Facebook recently made a significant change in the data provided through Insights: Daily Comments and Likes are no longer available. As someone responsible for setting and maintaining the social media KPIs for your organization, this could cause you to re-think your Facebook measurement. And ultimately it might change how you report the outcomes of your social media strategies. Because of this shift, People Talking About This (aka PTAT) has now become a core metric in Simply Measured Analytics on Facebook. But we also continue to show the detailed engagement metrics — likes, comments, and shares — in aggregate, trending, and at the post level. We see these metrics as an important level of granularity that gives you more flexibility when measuring and explaining engagement.
People Talking About This: The 20,000 Foot View
This relatively new metric is defined as the number of unique users who “create a story about you.” PTAT is useful for a high-level view of your Facebook engagement. However, it is also an opaque metric that doesn’t provide details into the underlying components of engagement. If you want to dig into the details, PTAT can leave you asking for more. And as someone responsible for explaining the cause and effect of engagement, it can really leave you wanting to know more.
The Devil May Be in the Details, But It’s a Necessary Evil
While PTAT gives you one side of the story, it doesn’t let you tell the whole thing. You need to be able to answer, in detail the question ‘why.’ To do that, you have to go beyond summary metrics and dig deep into the data. With access to Daily Comments & Likes, plus all the other actions a user can take on your page, you have much greater insight into what works and doesn’t on your Facebook Page. Evaluating your presence in this way allows you to unpack all the components of what happens on Facebook. Making it easy to report on what matters to your brand. To elaborate on this, here are the reasons why we believe you need this level of data analysis!
1. Know Exactly What is Happening
…All the way down to the specific posts (regardless of content type). You can take the different pieces of data that make up interactions on Facebook and determine what succeeds and what fails, no matter how you define success. You may be optimizing your status updates for Likes, but your videos for Shares. Without access to the components that make up engagement, you will not be able to distinguish and measure between these types of actions.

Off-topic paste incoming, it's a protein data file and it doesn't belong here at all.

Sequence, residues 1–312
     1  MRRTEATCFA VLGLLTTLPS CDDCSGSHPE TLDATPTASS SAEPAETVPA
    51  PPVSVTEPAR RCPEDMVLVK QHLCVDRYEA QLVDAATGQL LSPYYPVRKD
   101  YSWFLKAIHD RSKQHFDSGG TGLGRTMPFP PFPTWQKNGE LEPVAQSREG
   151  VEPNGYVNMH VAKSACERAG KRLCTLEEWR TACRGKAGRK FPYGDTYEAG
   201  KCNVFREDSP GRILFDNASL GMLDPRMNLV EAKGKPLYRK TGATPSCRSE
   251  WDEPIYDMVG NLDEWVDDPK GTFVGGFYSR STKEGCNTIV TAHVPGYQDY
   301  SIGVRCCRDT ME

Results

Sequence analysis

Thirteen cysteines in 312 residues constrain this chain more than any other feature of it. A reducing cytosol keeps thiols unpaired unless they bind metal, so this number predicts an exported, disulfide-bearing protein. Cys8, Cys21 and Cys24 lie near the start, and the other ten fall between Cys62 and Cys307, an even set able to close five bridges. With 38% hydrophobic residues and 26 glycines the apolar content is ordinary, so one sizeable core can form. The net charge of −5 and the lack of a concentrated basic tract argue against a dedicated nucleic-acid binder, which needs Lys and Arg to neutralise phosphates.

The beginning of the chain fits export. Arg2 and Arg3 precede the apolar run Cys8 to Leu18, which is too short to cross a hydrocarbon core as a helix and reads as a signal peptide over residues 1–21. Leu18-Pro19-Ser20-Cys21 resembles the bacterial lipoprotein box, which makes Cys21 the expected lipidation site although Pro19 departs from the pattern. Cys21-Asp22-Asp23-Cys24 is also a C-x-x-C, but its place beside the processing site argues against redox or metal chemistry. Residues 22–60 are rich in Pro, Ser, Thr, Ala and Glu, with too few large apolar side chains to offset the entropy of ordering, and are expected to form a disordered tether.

2. Create a Personalized Index Score
Your brand may give different weights to different actions. But since PTAT is a generic engagement metric, you need to create your own index score or engagement metric that allows you to personalize KPIs and benchmarks. By accessing the underlying users actions such as likes, comments, and shares, you can start to build this personalize score to use across reports. For example, with cross-channel comparisons where you compare Facebook against Twitter, you may highly value comments on Facebook posts, but see Retweets and Google+ Shares as less significant. Your Index Score will allow you to apply the appropriate weights and show the data in a way that aligns with your goals and reporting needs. You can use this score for competitive benchmarking, as well. By running the same analysis on your competitors’ fan pages (since this data is publicly available) and applying the same weights, you can determine how you stack up against each other. You could even share that data publicly, particularly if your brand is shed in a positive light!
3. Understand What User Actions Drive Different Engagement Types
There are many different ways a Fan or Follower can interact with your brand, and it goes far beyond just “talking about it.” Furthermore, with the launch of Facebook Timeline for Brand Pages, the dynamics of how Fans are engaging is continually evolving, fast. To fully comprehend the ramifications of these types of changes you need to distinguish between what people are sharing, liking, and anything else they may do on your page. The only way to accomplish this is with access to these components of engagement.
4. Set Goals and Optimize Your Content
Once you have the comprehensive understanding of what is happening, you can set both realistic and stretch goals at the Page level, but also at the specific content type and engagement level. With access to the underlying data, you will have the details and insight to set, track, and report on your goals, from the 20,000 foot view, all the way down to what happened with a particular post, at a certain time.
What Do You Do Next?
All of these metrics are valuable and serve important purposes. Just be sure you don’t lose sign of one to focus on the other. If you still need access to that deeper level of data, then sign up for a free trial of Simply Measured — our Facebook reports have you covered!